By Melissa Luz T. Lopez
INVESTOR and consumer sentiment received a huge lift as the year opened, riding expectations of more business and job opportunities, according to latest results of quarterly surveys which the Bangko Sentral ng Pilipinas (BSP) released on Thursday.
Business confidence recovered in the first quarter to end four consecutive quarters of decline, while Filipino households grew less pessimistic towards prospects for 2019.
“Business confidence is supported by strong domestic demand with brisker business due to election-related spending, increase in orders and consumer purchases, and continued infrastructure and development projects,” Redentor Paolo M. Alegre, Jr., director of the BSP’s Department of Economic Statistics, said in a press briefing at the central bank headquarters yesterday.
Investor sentiment improved to 35.2% in January-March from 27.2% last quarter to mark the highest level since the second quarter of 2018, according to the Business Expectations Survey (BES) results released yesterday.
The central bank said companies were more bullish across the board, riding on expectations for more business activity ahead of the May 13 midterm polls which will trigger increased orders and consumer purchases.
“The election definitely encourages economic activity and also encourages more positive sentiment among business respondents,” BSP Deputy Governor Diwa C. Guinigundo said in the briefing.
Bigger government infrastructure spending also contributed to the rosier outlook, despite delays in enacting the P3.757-trillion national budget. Other factors were perceived enhancements in business strategies, as well as expansion plans and new product lines.
Across businesses, importers were the most upbeat during the quarter as they see more raw materials become available and increased demand for construction equipment, the BSP said. Exporters’ outlook also improved as they see increased orders from abroad, while firms serving the local market said they will likely ride the tide given robust consumer demand and better prices, as inflation sustains its descent.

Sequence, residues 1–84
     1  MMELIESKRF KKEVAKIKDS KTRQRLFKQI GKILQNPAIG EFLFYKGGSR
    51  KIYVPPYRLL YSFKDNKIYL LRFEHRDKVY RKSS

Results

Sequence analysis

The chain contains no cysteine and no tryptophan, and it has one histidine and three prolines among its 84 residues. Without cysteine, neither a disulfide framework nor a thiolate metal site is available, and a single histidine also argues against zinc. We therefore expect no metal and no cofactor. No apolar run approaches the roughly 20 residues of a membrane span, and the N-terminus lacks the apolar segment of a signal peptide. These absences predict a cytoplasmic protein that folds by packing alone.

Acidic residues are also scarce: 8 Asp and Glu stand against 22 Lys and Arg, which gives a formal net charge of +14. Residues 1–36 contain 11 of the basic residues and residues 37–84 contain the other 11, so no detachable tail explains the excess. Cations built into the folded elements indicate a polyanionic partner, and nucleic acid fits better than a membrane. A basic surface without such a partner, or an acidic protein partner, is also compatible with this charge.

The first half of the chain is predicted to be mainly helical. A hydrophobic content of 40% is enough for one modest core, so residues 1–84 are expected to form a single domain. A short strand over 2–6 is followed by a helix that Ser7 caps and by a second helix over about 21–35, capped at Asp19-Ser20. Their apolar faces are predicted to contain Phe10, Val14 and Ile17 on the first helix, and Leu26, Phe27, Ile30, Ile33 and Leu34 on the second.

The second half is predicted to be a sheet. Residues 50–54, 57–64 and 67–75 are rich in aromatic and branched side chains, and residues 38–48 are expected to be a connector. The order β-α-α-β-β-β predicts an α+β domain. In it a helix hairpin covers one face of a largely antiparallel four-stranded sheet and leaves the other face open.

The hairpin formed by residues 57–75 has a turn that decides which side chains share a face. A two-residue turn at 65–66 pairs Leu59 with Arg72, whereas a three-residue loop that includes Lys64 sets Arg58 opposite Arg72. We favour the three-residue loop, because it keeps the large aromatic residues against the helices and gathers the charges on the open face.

From a nine-year-high 6.7% in September and October, inflation went down to 3.8% in February to return to the state’s 2-4% goal.
Across sectors, construction firms emerged as the most bullish as they expect more projects rolled out during the dry season. Most other industries reported better prospects for the quarter expect agriculture, fishery and forestry which expect lower production during the lean season.
CONSUMERS LESS PESSIMISTIC
Meanwhile, more households grew positive about their finances during the quarter, but were still outnumbered by pessimists this quarter.
This drove the consumer confidence index to -0.5%, rising from -22.5% in the fourth quarter to log the biggest quarter-on-quarter leap since the Consumer Expectations Survey (CES) started in 2007.
The better-but-still-negative outlook stemmed from anticipated additional or higher income, more jobs, a better peace-and-order situation, and “good governance,” Mr. Alegre said, citing survey responses.
Filipinos from low, middle and high-income groups all said they see improvements in the overall economy, household finances and family income. They also see better conditions for April-June, as well as the year ahead.
More respondents even said that they see the current quarter as a good time to make big-ticket purchases, particularly real property, cars and motorcycles.
The better consumer and investor sentiment is expected to lift overall economic prospects, possibly buoying gross domestic product growth this quarter.
“This suggests that if the expectations of business is rising, 67% of the time, growth may follow in the same direction,” Mr. Alegre said.
Businesses had a more favorable view on the economy, seeing credit conditions still tight but accessible, inflation slower, and the peso stronger. In contrast, consumers expect inflation to keep rising, interest rates to go up and the peso to weaken further.
The BES was conducted Jan. 22-March 19 among 1,496 firms, while the CES covered 5,396 households on Feb. 5-16.